The homicide rate surging in cities across America. In Chicago, “someone was shot every two and a half hours and someone murdered every 14 hours,” in the first half of this year, according to a recent article in the City Journal. This increase in shootings and the recent shooting of police officers makes America’s cities seem them most dangerous they have been since the crack epidemic in the 1980’s.
Funny thing is, I work in one of the neighborhoods that was historically one of the nation’s most dangerous, and it really doesn’t seem dangerous at all any more. Could it be that Detroit is leading the way out of the morass of violence and hopelessness?
Over the last month, I have enjoyed the opportunity to lead a crew of 12 young Detroiters working to remove blight and beautify the neighborhood around the SAY Detroit Play Center in the Osborn neighborhood in Detroit. The work is hard and nasty—cutting down overgrown shrubs and weeds; picking up trash caked into the ground; and scraping, sanding and painting garages in humid 90 degree plus days—and our crew excelled at the challenge. Last week we began mowing the overgrown lawns in the blocks around our center, and most of the crew wanted to work right through their lunch. They are making an impact and getting a paycheck, and they are loving it. It’s a joy to see them flourish.
The fact that this is all happening in and around a recreation center that had been shuttered during Detroit’s bankruptcy is worth noting. It has taken an infusion of people each doing a little bit more. Community residents fought to re-open this center for kids. Mayor Duggan teamed up with Mitch Albom to make that happen, and then the Mayor made it a priority to get at least 8,000 kids a job this summer through Grow Detroit’s Young Talent. The Detroit Pistons refurbished the basketball court here, and then gave more funds to get 50 kids sponsored for employment. The Kresge Foundation gave hundreds of lawn mowers and weed whips to Black Family Development last summer in their partnership with Life Remodeled to remove blight on 300 blocks with 8,500 volunteers over one week, and they shared their equipment with us and organizations like us to keep the blight down going forward. We even got a hand from Pastor Joel Osteen and 75 people from Lakewood Church in Houston who brought a much-needed boost to our effort last week.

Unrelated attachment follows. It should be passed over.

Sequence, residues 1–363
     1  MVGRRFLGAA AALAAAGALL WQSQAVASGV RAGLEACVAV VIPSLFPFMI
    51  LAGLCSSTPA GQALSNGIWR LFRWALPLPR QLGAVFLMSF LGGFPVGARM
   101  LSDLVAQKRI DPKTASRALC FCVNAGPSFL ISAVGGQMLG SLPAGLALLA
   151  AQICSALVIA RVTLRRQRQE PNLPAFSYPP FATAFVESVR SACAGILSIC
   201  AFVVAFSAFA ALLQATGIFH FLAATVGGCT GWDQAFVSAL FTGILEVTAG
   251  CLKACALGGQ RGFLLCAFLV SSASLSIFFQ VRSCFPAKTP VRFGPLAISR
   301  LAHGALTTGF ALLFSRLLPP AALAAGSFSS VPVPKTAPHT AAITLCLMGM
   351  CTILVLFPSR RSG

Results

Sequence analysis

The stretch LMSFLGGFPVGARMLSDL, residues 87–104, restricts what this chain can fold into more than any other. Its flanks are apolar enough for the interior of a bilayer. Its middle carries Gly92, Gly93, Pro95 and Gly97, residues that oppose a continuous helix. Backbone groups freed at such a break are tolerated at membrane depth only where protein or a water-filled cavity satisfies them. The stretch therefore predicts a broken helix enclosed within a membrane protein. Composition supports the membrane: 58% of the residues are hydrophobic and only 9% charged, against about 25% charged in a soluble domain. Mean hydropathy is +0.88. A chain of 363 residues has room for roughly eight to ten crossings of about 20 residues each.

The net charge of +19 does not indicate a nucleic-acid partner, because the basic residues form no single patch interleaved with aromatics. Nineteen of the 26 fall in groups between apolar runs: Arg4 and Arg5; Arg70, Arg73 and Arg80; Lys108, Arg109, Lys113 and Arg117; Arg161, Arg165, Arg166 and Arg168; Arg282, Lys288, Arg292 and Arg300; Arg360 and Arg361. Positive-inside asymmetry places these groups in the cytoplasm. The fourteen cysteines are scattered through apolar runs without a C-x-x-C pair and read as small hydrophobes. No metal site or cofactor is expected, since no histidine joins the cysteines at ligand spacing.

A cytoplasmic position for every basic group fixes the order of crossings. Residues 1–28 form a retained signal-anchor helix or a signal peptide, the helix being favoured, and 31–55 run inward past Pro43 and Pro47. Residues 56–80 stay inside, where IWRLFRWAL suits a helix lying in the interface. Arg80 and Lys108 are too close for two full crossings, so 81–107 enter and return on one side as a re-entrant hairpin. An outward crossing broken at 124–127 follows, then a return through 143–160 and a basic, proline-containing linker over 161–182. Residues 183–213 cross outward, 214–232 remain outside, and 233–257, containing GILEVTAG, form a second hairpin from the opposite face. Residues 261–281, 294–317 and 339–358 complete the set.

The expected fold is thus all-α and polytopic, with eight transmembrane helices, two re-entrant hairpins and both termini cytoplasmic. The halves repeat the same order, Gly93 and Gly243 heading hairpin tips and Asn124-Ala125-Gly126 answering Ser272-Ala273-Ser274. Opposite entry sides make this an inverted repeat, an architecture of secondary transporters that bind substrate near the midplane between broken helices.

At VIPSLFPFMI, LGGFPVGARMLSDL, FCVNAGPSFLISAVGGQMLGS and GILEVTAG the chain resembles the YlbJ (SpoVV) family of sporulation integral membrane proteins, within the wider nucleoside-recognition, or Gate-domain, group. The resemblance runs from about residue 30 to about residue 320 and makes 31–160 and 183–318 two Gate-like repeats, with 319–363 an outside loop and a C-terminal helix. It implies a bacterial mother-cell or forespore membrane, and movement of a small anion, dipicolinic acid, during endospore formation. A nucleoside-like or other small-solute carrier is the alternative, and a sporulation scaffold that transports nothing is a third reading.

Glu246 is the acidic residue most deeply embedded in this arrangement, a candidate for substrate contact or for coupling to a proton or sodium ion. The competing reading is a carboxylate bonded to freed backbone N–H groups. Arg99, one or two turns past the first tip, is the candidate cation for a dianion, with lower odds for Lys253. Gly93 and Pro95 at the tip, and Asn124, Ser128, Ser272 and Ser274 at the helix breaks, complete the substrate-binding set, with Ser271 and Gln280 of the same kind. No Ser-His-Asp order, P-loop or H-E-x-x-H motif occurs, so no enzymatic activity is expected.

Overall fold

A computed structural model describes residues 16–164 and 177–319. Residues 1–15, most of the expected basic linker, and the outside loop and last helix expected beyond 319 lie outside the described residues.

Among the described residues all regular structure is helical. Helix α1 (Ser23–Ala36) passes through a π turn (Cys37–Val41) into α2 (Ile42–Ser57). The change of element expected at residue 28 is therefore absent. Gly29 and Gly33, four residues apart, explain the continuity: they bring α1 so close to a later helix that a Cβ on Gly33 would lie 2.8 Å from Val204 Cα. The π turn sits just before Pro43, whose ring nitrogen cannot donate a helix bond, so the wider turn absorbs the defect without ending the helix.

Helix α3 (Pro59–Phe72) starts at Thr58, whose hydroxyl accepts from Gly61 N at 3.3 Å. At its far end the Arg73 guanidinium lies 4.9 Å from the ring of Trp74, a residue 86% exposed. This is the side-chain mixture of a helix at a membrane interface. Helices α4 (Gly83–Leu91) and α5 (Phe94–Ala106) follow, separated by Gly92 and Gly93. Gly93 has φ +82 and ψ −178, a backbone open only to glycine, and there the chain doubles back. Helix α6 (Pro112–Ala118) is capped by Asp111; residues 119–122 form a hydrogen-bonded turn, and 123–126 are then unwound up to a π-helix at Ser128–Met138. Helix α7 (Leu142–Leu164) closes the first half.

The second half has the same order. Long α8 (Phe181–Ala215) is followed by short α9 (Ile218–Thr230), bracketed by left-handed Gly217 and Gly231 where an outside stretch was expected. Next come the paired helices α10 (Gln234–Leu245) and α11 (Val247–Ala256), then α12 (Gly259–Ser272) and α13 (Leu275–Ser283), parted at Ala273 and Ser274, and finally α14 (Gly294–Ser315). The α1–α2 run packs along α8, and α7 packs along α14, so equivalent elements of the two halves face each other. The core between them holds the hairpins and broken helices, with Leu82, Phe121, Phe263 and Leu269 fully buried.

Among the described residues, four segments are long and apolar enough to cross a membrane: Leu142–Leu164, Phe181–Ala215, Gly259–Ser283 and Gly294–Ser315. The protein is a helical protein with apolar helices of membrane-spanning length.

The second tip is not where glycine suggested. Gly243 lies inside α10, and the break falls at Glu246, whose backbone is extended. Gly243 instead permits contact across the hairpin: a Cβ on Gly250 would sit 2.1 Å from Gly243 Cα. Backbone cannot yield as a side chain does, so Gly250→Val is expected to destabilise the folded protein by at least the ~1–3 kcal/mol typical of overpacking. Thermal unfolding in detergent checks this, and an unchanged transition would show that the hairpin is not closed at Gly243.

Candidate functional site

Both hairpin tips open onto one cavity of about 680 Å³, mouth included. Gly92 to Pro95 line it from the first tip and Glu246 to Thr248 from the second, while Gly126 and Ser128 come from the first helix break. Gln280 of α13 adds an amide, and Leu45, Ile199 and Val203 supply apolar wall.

That may sound like a ton of positive people and energy and it is, but it pales in comparison to the negative forces that have been at play in this same community for more than a generation.
Efforts like this are happening all over Detroit. More than 10,000 people will be volunteering to remove blight in the Denby neighborhood this week, and then 2,500 people from GM will be doing the same a couple weeks after that in the Cody-Rouge neighborhood. Hundreds of people from churches that partner with each school will continue to volunteer to sell concessions, coach teams, mentor students and help to build that social capital that makes American communities strong. Their lives will be richer as a result.
It’s not just the work that is done. It’s the relationships that are built. It’s the message that we send when we spend time with kids that most of America has given up on: You matter.
Detroit has spent most of the last forty years leading in every negative crime indicator. It could be that what we have learned from those trials will help to show cities across America a way out.